Coming At It From A Different Angle
Likewise in the car game. There are a number of solid professionals who photograph cars for the Western Australian publications - magnificent productions for some of the magazines with dusk exposures, multiple speedlights, and reflectors all over the place. Every month's issue of Perth Street Cars is a visual treat.
Unfortunately, on the occasions I photograph cars in the field, I do not have the luxury of multiple lights. I make do with one speedlight and the sun. Sometimes it all works out well, and sometimes it doesn't. The sun can be hard to program. I have increased my chances of success with the Stoboframe camera brackets.
Initially I carried a Stroboframe Press-T with a Nikon speedlight on the top - a coiled TTL cord between camera and flash. All good, until I chanced to try the Stroboframe PRO-RL. Now I use the PRO all the time at the car shows.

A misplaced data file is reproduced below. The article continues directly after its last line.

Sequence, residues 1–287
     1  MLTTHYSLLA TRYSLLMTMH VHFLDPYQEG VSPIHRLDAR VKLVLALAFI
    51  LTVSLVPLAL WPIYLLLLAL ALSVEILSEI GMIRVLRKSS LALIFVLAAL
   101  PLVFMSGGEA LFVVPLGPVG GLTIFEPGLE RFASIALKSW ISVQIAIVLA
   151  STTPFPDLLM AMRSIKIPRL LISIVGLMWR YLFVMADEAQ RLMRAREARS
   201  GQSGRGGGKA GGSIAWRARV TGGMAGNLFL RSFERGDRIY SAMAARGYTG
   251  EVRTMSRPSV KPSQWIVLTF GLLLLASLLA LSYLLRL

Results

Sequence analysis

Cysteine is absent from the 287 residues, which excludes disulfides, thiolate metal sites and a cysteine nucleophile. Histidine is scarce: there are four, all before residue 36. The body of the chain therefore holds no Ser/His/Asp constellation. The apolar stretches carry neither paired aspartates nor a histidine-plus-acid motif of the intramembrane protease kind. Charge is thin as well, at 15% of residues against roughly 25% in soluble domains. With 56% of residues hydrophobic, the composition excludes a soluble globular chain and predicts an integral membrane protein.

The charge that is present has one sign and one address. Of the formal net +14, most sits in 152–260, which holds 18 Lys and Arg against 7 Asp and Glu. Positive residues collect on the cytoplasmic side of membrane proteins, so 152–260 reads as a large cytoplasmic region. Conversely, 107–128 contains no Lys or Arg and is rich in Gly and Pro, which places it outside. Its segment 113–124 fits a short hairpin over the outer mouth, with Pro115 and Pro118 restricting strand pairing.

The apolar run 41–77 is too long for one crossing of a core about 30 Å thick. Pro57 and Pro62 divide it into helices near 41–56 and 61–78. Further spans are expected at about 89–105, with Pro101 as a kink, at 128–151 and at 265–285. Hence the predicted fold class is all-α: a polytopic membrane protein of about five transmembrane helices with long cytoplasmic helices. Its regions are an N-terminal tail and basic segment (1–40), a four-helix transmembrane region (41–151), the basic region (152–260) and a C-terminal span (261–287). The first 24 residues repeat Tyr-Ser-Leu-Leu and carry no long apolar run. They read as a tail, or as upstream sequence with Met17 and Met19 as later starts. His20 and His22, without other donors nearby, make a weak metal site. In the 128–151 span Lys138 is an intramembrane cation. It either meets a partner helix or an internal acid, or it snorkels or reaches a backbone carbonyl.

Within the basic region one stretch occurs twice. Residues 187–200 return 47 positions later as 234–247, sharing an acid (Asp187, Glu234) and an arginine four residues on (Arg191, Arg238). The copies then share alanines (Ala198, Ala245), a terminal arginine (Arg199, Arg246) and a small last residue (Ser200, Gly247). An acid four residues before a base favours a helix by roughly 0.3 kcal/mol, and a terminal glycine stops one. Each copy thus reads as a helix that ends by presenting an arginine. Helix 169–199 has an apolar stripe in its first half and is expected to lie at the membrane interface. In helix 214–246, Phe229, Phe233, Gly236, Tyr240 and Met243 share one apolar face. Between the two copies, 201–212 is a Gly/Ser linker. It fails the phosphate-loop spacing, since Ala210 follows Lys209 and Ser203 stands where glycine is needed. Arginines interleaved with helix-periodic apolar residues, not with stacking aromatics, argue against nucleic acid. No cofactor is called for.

The basic operation is self-explanatory. The frame holds the flash above the axis of the lens no matter how the camera is orientated, and you can slide it waaay on up there to drop the shadow behind the subject. It also means you never have red-eye on telephoto shots. You can angle it down to drop that light onto a close-up subject.
But you can also do the Ploesti on it - you extend the flash to the end of the bar, rotate the camera to the portrait mode, then shoot it flat in landscape orientation. The flash will be way out there on the right-hand-side of the lens. It is perfect for taking interior shots of cars when there is a glass window between you and the insides. You can get your lens close up to the glass to eliminate reflections and then the flash enters from the rear window. See the example of the '32 Ford Sedan. The whole interior of the car lights up without you infringing upon the vehicle.
This might also be the answer for interior shots in real estate.